Longitudinal Force Distribution and Road Vehicle Handling
Doctoral thesis, 2010
The distribution of longitudinal forces has a large influence on vehicle handling characteristics such as the driver/vehicle interaction, road holding and yaw stability, in particular during combined traction/braking and cornering near the grip limit of the tires. In order to select and develop suitable driveline systems and associated active control that provide consistent driver/vehicle handling, maximum road holding and sufficient yaw stability margins, it is essential to understand the influence of a particular drive force distribution on these handling characteristics. Due to the highly non-linear interaction between the longitudinal and lateral forces near the grip limit, the studies in this area have thus far focused on prototype testing and/or simulations with sophisticated vehicle models. By developing simpler models and more informative graphical representations, the understanding of the fundamental interaction of the drive force distribution and vehicle handling can be further improved and thereby facilitate enhanced development of future driveline systems.
In this thesis, improved graphical representations, simpler models and new approaches to optimization of longitudinal force distribution are presented. These new methods focus particularly on exploring and maximizing the road holding capability of the vehicle. Also, new indicators of a likely loss of yaw stability are presented for one particularly severe driving maneuver. One area of application of the presented optimization methods, is demonstrated for case when the entry speed is too high to track a particular curve due to friction limitations. For this scenario a new parabolic path recovery strategy is developed based on a particle representation. This strategy, when implemented in to the planar motion of a vehicle, is shown to exhibit considerably less deviation from the intended path than currently proposed methods based on yaw moment allocation.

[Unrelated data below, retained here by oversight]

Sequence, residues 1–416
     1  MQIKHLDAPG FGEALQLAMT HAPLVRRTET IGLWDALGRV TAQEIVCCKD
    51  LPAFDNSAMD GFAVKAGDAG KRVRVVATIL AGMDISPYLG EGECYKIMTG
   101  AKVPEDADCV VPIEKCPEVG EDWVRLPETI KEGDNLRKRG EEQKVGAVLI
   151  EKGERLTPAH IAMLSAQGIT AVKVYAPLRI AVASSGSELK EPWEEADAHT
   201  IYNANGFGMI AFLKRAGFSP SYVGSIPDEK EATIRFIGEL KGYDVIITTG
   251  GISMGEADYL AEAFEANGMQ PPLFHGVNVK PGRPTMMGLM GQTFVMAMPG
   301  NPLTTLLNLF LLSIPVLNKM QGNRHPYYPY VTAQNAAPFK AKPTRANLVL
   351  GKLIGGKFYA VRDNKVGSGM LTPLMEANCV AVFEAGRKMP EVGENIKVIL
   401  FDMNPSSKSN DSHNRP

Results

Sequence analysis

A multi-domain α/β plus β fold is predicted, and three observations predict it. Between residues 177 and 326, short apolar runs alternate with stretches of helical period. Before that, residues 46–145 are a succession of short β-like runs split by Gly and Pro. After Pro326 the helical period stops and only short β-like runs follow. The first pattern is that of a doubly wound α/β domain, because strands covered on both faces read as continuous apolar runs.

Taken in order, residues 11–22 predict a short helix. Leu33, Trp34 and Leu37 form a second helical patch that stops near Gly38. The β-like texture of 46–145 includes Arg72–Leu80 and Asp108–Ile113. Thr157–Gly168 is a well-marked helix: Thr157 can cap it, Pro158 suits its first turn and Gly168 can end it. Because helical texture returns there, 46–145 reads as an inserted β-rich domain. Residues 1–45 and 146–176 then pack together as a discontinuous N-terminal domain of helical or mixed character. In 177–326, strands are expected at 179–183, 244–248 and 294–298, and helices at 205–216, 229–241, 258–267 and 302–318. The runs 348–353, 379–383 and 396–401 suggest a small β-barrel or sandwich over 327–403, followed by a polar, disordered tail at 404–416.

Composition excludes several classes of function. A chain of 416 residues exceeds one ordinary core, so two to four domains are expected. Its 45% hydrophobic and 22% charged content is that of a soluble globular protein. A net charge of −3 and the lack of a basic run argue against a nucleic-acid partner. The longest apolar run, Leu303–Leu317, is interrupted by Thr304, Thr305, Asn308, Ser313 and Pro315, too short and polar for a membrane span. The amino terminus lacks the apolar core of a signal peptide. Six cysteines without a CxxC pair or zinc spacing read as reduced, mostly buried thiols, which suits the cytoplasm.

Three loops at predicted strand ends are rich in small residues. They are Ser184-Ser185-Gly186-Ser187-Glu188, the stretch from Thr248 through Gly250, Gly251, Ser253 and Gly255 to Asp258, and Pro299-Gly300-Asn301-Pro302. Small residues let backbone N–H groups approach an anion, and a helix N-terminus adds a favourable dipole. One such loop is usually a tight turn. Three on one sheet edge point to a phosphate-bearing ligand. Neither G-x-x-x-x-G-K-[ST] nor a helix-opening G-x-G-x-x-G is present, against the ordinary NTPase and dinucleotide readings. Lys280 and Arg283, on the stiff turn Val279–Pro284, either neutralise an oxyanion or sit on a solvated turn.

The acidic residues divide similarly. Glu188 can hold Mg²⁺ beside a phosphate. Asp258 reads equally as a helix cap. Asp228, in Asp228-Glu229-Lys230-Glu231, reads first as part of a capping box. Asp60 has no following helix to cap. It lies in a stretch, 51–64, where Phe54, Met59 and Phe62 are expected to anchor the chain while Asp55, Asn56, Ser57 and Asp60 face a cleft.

The results obtained in this work are applied for analysis of the performance of a wide range of driveline systems, and are expected to have applications also in the associated active control for these systems. Overall, the present work has expanded the fundamental framework of vehicle modeling, optimization formulations and graphical representations for analysis and optimization of a wide range of driveline system properties and vehicle level characteristics.
longitudinal force distribution